10 March 2010

Bifurcated City

No. 4805 - 06 Nov 2007 - 07:55:54

Gastown, Vancouver

As seen from this point of view, the City of Vancouver is skewed to the west. Egregious planning decisions in the 1950's and 1960's almost levelled the neighbourhood of Strathcona (out of frame, to the left, east of Main Street) and did manage to cut back the human flow from east to west. City planners spent those 20 years trying to expunge what they called urban blight from what is now a jewel in the city's crown. A few housing projects stand alone in contrast and are forlorn reminders of their failed schemes. In the end (1968) the new government of the day withdrew construction monies and instead threw a little "own the podium" gold at neighbourhood renewal and the splendid, 40 year re-gentrification has been well documented.

Unfortunately the African neighbourhood of Hogan's Alley, closer to Main Street, was mostly bulldozed and the Georgia and Dunsmuir Viaducts were erected in 1972. They were designed purely to expedite automobile traffic and boasted narrow, dangerous sidewalks which continue to discourage foot traffic. Such design creates unlivable places. Fortunately, by pulling the funding from the super-highway project, the Government of Canada was also protecting most of this historical, small architectural stock for the City of Vancouver. Strathcona and Main Street give credibility to the False Creek developments up to and beyond 2010; the changing appearance of both low and high rise housing in the area reflects a spirit of preservation and inspiration that is a cultural legacy.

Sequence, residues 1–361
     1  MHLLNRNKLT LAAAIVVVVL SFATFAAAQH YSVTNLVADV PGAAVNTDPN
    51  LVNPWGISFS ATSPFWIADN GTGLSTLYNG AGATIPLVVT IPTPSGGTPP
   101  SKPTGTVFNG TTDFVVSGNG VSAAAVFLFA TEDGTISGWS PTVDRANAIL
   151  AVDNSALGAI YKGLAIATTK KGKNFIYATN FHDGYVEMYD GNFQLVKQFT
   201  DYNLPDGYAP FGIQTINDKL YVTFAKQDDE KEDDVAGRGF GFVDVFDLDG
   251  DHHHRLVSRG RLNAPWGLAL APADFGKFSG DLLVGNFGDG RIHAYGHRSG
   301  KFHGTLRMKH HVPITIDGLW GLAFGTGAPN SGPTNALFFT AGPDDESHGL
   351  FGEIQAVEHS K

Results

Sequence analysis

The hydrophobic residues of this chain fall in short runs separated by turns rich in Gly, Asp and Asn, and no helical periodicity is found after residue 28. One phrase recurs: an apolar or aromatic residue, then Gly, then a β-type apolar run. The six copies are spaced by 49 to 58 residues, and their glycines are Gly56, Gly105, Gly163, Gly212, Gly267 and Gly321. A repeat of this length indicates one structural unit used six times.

Meanwhile Citygate sits fetchingly on the misty horizon and provides a reason to rethink the viaduct approach to transport. The area now includes the the Olympic Village development, Yaletown and the Pacific Boulevard Sport Palaces. Common sense strongly suggests a foot-path, cycle, trolley, etc. solution to the obstacles separating the neighbourhoods of our great (coulda, shoulda, woulda) city. We the citizens must decide if we are one or merely the parts.

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